David Emery has been working in ceramics for 40 years. He set up a co-operative studio in London producing a range of domestic stoneware whilst also experimenting with finely carved studio porcelain.
On moving to Dorset some 30 years ago he built a large gas fired kiln and spent much of his time developing a range of both functional and highly decorated reduction stoneware.

David is a great believer in pushing boundaries and evolving into new areas. In recent years he has been exploring the use of highly coloured metallic lustres combined with a strong use of decorative slips and on glaze colouring. He has now developed a range of Cone 6 oxidation glazes combined with coloured slips and on-glaze colours. Cone 6 is at the lower end of the stoneware firing range and is not exploited by many potters in this country who still prefer to fire to higher temperatures. However, at cone 6 the clay is fully vitrified and just as durable but most importantly requires significantly less electricity to fire and the kiln elements last much longer. He has been using a very well insulated kiln which combined with the output from the solar panels on his roof has dramatically reduced firing costs as well as being very environmental friendly.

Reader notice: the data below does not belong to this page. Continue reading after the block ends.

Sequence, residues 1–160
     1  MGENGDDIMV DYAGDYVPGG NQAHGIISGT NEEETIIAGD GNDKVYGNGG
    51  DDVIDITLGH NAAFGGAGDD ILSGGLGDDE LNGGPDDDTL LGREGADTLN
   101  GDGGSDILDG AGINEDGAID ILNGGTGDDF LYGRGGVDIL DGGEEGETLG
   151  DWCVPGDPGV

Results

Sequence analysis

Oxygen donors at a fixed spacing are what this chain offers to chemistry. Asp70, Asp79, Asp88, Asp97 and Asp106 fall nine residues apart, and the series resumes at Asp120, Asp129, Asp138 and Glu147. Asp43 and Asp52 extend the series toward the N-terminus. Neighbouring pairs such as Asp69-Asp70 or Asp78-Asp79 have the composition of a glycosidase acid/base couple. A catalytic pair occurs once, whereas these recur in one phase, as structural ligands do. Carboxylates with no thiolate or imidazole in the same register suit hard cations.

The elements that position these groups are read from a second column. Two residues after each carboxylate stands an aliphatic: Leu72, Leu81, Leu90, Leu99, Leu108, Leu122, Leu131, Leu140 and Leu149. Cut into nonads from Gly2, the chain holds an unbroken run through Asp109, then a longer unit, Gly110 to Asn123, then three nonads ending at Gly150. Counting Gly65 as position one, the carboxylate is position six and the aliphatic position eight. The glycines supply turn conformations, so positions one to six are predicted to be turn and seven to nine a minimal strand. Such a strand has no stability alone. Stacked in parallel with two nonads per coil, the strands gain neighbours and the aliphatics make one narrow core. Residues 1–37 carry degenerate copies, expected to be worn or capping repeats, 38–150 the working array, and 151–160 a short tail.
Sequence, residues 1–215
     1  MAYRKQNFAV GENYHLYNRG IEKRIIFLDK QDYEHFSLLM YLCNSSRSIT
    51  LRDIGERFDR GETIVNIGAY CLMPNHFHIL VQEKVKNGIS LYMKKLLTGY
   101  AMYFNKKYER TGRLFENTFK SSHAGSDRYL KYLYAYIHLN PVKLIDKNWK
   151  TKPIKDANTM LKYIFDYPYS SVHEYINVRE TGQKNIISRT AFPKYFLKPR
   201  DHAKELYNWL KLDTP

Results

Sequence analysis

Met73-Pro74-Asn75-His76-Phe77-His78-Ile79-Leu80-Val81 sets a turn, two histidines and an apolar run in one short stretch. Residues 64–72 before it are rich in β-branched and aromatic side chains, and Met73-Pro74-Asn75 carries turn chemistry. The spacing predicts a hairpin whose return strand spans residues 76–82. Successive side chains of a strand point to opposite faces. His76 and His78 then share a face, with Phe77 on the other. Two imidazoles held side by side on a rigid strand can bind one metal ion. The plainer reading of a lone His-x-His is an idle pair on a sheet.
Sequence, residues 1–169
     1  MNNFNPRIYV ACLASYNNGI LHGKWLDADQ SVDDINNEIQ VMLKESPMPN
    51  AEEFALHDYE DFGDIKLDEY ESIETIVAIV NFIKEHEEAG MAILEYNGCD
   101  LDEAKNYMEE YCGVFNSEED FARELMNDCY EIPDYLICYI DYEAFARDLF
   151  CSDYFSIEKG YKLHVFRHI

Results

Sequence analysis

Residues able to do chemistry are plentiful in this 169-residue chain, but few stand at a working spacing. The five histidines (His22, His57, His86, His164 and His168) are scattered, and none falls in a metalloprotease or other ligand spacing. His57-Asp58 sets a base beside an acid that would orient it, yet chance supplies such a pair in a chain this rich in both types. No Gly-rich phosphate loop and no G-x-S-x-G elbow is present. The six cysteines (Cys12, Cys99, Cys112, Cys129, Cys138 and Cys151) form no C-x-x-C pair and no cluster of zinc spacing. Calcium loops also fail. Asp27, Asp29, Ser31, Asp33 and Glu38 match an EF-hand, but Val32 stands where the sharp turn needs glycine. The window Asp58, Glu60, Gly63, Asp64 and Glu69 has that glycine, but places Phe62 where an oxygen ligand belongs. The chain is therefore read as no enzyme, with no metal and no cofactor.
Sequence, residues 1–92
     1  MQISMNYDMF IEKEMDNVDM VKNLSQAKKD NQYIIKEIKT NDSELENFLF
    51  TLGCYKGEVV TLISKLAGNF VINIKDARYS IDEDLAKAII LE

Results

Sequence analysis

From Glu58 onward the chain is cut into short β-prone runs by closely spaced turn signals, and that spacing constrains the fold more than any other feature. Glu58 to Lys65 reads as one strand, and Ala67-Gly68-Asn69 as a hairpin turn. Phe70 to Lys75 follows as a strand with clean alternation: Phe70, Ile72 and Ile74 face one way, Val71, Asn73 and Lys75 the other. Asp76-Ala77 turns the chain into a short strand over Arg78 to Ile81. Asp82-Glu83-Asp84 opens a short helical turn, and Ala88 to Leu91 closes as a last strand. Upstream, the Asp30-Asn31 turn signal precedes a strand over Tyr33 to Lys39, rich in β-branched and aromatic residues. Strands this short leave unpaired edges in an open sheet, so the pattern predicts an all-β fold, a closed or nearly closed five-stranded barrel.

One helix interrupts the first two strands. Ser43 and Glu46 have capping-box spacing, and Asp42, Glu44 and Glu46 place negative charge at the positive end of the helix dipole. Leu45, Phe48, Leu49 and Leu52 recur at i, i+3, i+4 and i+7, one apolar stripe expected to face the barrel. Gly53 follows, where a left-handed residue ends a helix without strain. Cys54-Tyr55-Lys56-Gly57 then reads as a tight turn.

One of the themes he keeps returning to is producing decorative sculptural pieces for gardens. Influenced heavily by Japanese screen prints he has been producing bespoke designs as commissions for different gardens, some of which are up to 7 ft high. The limited use of particularly gold lustres for garden ware is unusual but does create unique effects that complement and lift creative landscape gardens. He is now developing sculptures which are heavily carved which enable the use of lighting to create stunning effects at night as well as incorporating a small water pump to create a water feature.

The garden sculptures are modular in design which enables the wall thickness of each thrown form to be kept relatively thin which allows carved sections to look in proportion with the external shape whilst retaining considerable strength. This when combined with the use of good quality stoneware clay makes them extremely durable outside. By leaving the two surfaces of each section un-glazed a cement based mortar can be used to produce a strong durable joint using the same coloured pigments used in the glazes to colour the cement.